US 1431425 A
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Description (OCR text may contain errors)
J. E. RICHMOND TOOTH CROWN.
APPLICATION FILED MAR. 8. 1921.
Emma 001;, 1mm.
Patented Unto W, WEE.
tttttt JOHN EDGAR RICHMOND, OFEUGENJE, OREGON.
Application filed March 8, 1921.
To all whom it may concern.
Be it known that 1, JOHN E.RICHMOND, a citizen ofthe United States, residing at Eugene, in the county of Lane and State of Oregomhave invented certain new and useful Improvements in Tooth Crowns, of which the following is a specification.
This invention relates to porcelain tooth crowns as used dentists; and it consists 10 in a crown provi ed with a liner as hereinafter fully described and claimed, and in the method of making and applying the same.
In the drawings, Figure 1 is vertical section through a tooth provided with a crown and liner according to this invention. Fig.
2 is a side view of the tooth, prepared to receive the crown. Fig. 3 is a vertical section through the porcelain crown, and F ig.- 4 is a front view of it. Fig.- 5 is a vertical section through the liner. j
A porcelain crown can be secured on a tooth, according to this invention, without devitalizing the tooth, and without removing its nerve or pulp. The tooth 7, in the jaw of the patient, which requires to be repaired, is prepared as shown in Figs. 1 and 2, by first removing the enamel and as much of the dentine as necessary to form a conical stump 8 without any undercuts. A square shoulder 9 is cut around the neck of the tooth, following the gum line, to form a definite base for the porcelain crown and its liner. The porcelain crowns 10 are made in quantities, and in standard shapes and sizes, of porcelain or other similar material. The chamber 12 in the crown is made conical, with one diameter slightly greater than the other, or
it is otherwise formed, so that the crown will not revolve with relation to the tooth.
The tooth being prepared as hereinbefore described, a porcelain crown is selected of suitable size, shape and color, and having a chamber 12 which will fit very loosely over the stump 8. The base of this crown andthe shoulder 9 on the tooth are fitted together, so that the crown fits smoothly on the shoulder on the tooth and forms a good joint. The porcelain crown is then removed from the stump and the interior of the Serial No. 450,660.
chamber 12 and the surface of the stump are moistened with water, oil, or other lubricant which will prevent wax from adhering to them.
1 The porcelain crown is then warmed, and a small quantity of inla wax is softened by heat and is placed in t e chamber, and the crown is then pressed over the stump. If the crown does not fit'nicely on the stump and its shoulder, it is removed and warmed slightly, so as to soften the wax without melting it, and the crown is again pressed over the stump. When the crown fits nicely on the stump, it is cooled to harden the wax. When the wax is hard enough the porcelain crown is slipped ofl? the wax, andthe wax s5 liner model is in turn removed from the stump, taking care not to distort it. A sprue wire is then attached to the wax model, and the model is invested, burned out, and cast with any suitable metal, in the same way as an ordinary cast gold inlay.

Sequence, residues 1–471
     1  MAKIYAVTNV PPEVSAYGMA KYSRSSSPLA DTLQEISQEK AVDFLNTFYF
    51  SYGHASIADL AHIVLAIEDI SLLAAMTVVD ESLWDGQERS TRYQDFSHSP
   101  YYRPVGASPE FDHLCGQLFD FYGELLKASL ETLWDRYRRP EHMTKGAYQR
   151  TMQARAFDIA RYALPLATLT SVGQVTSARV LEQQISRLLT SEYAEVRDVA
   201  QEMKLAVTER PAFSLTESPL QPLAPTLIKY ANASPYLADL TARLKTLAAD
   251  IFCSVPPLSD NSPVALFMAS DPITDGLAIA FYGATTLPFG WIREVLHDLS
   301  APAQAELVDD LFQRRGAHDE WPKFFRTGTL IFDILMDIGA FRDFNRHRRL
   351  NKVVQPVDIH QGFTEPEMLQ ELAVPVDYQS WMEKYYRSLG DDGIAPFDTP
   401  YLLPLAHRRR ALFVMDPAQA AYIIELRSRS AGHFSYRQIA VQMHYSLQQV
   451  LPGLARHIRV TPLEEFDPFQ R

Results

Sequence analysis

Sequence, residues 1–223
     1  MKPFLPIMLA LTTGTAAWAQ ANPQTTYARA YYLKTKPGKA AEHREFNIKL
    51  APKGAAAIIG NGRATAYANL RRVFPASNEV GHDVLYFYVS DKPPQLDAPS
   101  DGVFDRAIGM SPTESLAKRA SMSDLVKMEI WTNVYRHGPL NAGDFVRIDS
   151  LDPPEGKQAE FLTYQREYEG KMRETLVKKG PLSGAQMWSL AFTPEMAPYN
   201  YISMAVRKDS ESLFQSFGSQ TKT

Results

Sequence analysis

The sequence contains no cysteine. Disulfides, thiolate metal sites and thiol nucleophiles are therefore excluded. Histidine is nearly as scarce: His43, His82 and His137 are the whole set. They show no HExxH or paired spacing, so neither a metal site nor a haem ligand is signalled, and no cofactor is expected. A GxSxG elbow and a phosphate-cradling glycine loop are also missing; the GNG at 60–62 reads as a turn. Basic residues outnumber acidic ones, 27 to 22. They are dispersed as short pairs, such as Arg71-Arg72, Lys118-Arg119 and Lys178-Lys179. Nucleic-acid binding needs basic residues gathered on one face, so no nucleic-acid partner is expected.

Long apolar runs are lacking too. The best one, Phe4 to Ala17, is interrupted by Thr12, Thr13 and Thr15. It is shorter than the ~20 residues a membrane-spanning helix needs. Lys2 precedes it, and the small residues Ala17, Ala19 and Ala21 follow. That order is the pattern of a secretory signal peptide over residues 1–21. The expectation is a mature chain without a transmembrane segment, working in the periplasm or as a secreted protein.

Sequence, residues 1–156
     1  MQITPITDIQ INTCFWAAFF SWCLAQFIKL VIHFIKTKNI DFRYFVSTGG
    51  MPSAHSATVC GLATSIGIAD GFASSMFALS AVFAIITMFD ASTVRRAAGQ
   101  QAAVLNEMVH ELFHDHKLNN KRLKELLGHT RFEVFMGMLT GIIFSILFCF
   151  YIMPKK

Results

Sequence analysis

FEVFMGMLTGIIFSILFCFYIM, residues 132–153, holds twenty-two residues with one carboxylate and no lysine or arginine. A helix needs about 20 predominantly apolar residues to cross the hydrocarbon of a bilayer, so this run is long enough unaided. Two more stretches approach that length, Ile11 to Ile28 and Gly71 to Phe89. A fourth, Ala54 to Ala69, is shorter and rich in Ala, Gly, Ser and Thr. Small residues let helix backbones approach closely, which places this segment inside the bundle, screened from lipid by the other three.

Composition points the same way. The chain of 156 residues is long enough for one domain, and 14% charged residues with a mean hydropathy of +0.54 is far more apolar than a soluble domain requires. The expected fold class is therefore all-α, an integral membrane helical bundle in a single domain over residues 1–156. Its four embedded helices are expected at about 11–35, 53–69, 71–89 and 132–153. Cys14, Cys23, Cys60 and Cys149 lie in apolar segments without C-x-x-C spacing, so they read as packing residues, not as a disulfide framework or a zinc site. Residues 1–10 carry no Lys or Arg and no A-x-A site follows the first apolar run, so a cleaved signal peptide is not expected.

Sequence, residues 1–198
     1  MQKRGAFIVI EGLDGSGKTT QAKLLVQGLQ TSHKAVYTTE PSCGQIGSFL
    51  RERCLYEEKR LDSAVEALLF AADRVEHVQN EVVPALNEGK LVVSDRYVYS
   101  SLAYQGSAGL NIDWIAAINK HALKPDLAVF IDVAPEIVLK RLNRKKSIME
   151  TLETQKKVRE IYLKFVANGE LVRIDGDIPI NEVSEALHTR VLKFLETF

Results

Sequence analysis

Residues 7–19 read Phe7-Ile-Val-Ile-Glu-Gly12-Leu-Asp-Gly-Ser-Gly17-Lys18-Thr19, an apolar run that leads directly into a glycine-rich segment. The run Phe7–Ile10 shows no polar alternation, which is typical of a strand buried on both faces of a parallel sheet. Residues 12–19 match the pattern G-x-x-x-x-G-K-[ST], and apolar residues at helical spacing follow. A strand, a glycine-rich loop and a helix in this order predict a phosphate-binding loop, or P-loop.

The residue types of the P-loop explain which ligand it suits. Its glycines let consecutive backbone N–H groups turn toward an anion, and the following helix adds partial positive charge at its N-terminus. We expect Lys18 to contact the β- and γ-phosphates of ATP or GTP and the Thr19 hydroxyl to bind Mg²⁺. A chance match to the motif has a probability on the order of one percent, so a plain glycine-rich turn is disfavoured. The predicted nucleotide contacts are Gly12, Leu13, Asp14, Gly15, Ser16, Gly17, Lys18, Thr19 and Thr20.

A metal liner 14; is thus formed, which, when the sprue is cut off, and the liner properly finished and polished, will fit smoothly into the chamber of the crown and onto the stump of the tooth. The stump, liner and crown are then secured together by any suitable cement, and the crown will then give approximately the same appearance and service as a natural tooth.
The crowns are made of porcelain, or other material of tooth color, in commercial quantities with the interiors of the crowns ground to definite shapes and sizes so as to make them, within certain limits, interchangeable. The liners, adapters, or bushes are made by the dentists, who do not manufacture the porcelain crowns, but who prepare the teeth, and fit the crowns to them by means of the liners, adapters or bushes as hereinbefore described.
What I claim is: p 1. A porcelain tooth crown provided with a chamber, and a metal liner for the said chamber secured therein and formed of a single piece of cast metal which fits closely in the said chamber and is adapted to fit closely over a tooth stump, said metal liner having been reproduced from a wax model space between the stump and the hollow formed i'nthe space between the selected holcrown, then reproducing the said model in 10 low crown and a stump formed on the tooth metal, and finally cementing the metal liner of the patient above the um line. into the crown and onto the said stump.
5 2. The method of securing a hollow porce- In testimony whereof I have afiixed my ,lain crown to a tooth, which consists in first signature. I
forming a stump on the tooth above its gum line, then forming a wax liner model in the JOHN EDGAR RICHMOND.